Buffer pools are memory data caches. Reading data off a disk is slow, but reading data from memory is much faster. The first query to request a row of data must wait for the response from the disk. After that, the data is stored in the buffer pool, and other queries requesting that same row get a faster response.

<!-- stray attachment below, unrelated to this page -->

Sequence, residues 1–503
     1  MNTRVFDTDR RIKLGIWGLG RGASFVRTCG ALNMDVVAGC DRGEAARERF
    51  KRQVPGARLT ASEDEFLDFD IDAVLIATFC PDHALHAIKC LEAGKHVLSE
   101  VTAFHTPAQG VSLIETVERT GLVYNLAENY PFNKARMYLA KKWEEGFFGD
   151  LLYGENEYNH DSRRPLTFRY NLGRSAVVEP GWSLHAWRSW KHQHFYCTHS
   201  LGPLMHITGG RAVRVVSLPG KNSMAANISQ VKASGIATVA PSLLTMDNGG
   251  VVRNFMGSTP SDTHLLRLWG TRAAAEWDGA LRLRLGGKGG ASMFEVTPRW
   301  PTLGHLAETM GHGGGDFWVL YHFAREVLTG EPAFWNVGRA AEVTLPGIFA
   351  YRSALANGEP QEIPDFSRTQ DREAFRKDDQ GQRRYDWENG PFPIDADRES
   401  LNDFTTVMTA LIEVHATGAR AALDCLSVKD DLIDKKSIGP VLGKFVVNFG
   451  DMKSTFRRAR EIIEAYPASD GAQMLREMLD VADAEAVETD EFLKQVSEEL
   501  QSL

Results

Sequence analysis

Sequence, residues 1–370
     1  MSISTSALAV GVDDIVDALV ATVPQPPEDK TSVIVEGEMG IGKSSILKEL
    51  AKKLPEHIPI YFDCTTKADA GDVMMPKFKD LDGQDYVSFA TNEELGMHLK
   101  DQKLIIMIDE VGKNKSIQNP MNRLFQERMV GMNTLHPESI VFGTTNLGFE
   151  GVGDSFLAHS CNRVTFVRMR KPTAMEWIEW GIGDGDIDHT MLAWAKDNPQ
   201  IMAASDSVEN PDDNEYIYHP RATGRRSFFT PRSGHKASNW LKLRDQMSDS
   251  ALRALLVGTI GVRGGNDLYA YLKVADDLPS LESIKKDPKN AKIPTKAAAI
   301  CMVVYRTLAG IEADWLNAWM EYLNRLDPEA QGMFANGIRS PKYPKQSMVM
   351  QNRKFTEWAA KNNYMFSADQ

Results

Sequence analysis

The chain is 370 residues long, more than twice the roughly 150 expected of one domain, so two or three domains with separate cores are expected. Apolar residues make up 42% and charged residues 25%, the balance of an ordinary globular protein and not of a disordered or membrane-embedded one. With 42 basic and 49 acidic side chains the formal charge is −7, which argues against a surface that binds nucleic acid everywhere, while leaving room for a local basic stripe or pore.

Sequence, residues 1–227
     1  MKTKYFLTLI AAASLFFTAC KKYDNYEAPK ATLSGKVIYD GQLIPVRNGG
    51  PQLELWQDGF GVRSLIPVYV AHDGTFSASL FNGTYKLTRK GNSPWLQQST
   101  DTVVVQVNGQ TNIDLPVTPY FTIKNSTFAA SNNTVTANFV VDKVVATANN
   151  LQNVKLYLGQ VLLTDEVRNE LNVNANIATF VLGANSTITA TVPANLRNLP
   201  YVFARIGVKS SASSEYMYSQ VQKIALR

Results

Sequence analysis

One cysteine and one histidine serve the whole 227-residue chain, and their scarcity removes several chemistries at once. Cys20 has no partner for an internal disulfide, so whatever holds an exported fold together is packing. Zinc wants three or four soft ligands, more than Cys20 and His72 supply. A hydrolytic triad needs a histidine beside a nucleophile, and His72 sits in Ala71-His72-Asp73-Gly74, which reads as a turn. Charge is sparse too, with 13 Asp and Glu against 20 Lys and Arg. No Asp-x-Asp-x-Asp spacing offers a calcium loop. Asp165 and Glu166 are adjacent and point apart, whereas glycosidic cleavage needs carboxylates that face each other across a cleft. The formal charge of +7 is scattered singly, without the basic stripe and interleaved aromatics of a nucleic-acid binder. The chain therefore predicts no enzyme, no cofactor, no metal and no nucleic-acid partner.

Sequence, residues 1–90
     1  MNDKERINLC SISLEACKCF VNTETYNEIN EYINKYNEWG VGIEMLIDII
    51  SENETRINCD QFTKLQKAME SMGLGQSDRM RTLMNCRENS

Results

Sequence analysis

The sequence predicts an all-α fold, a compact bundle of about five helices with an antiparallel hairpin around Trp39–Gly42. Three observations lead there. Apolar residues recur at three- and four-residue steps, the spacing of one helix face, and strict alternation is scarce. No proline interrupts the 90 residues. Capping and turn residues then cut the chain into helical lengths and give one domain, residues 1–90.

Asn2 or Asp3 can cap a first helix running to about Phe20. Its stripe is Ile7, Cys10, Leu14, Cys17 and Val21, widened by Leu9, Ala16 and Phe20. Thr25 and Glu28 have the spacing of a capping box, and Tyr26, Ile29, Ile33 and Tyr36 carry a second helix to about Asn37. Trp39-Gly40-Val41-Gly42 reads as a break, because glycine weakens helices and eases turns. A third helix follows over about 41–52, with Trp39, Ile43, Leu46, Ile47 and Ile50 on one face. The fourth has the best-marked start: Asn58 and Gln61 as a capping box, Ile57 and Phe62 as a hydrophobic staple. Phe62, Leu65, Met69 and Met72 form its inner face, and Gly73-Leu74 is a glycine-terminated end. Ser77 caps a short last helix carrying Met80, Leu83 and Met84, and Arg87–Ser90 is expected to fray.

Obviously, the cache can only hold a certain amount of data, so decisions must be made as to how much memory to allocate to the buffer pool, which rows to keep in the buffer pool and how to keep the cache and the disk in sync when the data changes. Read about InnoDB's use of buffer pools and how to configure for optimal performance at http://dev.mysql.com/doc/refman/5.0/en/innodb-disk-io.html and http://dev.mysql.com/doc/refman/5.0/en/innodb-tuning.html.
This was first published in March 2007